This setup is possible on all Mac Pros, MacBooks and MacBook Pros and Intel-based iMacs, as well as certain models of Mac mini and many older models of Mac. It is necessary to hook up a second screen to the video-out port — on current models of Mac, this will most often be a mini DisplayPort or in some cases a mini-DVI port; older models of Mac laptop may have a full-size DVI or a mini-VGA port. In all cases except the full-size DVI port, you will need to buy an adapter to go between the port and the cable supplied with the monitor; these are available from Apple as well as some other manufacturers.

When the cable is plugged in, the screen should automatically be recognised by the computer. On laptops, the external screen can be switched between mirroring mode (in which the screen shows the exact same things as the built-in one) or as an actual second screen; on current desktop Macs, it is normally set to be a true second screen. The menu bar and Dock will be on the main screen, while the second screen has just a desktop background; to change which screen the menu bar and Dock appear on, go to System Preferences → Displays and on the Arrangement tab, drag the menu bar to the screen you want it on. You can also choose whether or not the screens mirror each other on this tab.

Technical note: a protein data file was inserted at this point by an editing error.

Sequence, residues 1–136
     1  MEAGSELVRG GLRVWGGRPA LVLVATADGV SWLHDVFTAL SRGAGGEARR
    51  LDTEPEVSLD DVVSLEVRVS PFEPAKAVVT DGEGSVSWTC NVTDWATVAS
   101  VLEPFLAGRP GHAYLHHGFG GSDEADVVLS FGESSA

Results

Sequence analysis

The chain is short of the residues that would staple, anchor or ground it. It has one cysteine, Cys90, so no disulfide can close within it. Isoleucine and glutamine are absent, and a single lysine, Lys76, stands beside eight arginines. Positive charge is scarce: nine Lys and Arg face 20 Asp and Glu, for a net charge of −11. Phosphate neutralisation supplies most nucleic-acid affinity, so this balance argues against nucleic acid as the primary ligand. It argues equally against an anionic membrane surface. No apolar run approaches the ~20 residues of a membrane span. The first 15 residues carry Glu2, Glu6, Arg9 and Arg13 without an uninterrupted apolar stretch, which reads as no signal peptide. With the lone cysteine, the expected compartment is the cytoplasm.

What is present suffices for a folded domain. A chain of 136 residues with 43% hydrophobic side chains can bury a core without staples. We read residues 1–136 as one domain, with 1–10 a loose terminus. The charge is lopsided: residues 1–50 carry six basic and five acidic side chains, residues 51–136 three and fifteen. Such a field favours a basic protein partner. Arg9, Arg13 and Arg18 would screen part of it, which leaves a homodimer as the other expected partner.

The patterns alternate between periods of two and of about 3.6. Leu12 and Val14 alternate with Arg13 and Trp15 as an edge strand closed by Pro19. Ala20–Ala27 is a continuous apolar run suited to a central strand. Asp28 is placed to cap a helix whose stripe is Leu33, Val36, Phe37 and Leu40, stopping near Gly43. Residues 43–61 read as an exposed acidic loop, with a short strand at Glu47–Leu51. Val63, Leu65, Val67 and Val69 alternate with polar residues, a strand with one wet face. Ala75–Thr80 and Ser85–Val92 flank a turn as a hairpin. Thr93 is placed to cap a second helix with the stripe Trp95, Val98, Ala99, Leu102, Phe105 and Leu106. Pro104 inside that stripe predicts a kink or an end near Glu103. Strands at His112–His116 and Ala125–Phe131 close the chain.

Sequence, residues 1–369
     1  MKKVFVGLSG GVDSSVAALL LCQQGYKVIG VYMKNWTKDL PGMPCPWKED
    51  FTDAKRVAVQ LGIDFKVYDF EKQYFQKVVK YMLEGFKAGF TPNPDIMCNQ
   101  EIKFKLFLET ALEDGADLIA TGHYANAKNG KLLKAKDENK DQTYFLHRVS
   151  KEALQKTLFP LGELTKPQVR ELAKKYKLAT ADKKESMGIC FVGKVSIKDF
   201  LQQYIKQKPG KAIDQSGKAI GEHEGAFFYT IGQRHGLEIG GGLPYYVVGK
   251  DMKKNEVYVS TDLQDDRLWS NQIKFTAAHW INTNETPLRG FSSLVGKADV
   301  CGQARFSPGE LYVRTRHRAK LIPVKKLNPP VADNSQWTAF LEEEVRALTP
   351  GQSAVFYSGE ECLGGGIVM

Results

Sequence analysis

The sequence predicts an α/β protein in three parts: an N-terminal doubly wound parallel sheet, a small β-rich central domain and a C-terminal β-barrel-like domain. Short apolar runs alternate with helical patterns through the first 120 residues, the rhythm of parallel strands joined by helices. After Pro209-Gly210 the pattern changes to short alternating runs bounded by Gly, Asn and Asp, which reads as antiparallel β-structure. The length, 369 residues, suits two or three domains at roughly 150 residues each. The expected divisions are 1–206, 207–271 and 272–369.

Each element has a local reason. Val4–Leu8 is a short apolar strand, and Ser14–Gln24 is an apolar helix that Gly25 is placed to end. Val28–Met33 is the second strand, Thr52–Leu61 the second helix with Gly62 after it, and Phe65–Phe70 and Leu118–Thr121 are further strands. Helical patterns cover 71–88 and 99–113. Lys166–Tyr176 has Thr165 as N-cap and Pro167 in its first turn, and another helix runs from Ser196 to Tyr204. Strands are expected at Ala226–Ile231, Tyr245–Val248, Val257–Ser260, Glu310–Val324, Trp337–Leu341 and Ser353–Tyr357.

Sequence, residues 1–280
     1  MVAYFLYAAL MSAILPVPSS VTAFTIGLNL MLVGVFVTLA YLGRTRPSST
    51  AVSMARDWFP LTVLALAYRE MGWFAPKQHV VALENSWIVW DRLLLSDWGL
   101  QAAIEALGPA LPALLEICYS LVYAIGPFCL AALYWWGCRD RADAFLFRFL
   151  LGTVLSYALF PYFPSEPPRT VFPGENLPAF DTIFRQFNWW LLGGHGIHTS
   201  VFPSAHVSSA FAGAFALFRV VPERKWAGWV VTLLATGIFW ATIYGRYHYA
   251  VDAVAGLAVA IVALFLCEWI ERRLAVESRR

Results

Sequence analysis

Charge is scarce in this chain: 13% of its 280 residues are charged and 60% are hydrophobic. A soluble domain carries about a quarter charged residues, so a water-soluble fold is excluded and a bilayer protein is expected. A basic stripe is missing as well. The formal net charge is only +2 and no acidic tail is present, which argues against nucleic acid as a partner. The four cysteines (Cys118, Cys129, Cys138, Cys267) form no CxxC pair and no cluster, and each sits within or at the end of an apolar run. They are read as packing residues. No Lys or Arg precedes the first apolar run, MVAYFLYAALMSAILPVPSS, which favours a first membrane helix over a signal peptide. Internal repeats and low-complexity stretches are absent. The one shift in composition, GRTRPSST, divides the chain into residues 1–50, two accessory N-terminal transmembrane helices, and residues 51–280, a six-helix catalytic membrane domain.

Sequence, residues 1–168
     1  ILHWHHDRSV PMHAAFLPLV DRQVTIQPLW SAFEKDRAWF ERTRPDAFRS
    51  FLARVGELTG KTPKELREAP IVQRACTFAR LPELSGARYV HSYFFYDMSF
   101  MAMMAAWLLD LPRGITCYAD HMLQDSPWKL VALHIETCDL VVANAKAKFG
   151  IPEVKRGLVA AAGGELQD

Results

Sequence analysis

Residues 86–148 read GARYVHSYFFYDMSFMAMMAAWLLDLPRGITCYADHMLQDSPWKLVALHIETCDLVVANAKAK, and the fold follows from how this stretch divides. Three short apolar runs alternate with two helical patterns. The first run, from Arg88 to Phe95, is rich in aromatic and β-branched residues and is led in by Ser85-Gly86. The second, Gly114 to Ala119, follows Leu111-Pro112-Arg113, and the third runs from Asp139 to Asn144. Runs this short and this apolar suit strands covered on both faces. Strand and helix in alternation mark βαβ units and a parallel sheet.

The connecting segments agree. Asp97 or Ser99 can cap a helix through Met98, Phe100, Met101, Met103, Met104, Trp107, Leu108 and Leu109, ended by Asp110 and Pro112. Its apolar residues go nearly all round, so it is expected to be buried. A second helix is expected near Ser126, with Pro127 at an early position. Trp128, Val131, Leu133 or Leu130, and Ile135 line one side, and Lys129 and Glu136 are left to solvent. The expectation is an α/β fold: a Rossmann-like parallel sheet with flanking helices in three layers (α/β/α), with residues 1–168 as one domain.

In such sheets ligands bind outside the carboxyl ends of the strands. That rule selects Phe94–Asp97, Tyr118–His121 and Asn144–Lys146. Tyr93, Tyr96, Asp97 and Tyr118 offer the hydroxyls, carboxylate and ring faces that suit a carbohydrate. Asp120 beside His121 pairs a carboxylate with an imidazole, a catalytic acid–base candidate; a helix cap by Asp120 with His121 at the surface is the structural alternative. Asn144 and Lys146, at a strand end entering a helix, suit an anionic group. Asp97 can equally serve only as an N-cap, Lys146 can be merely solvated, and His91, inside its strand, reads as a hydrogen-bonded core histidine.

Issues

There is, however, a problem with playing WoW on a Mac with two screens: the game does not support this properly.

  • When playing in full-screen mode, WoW always takes up the internal screen and switches the external one to black — which means that having the second screen is completely pointless;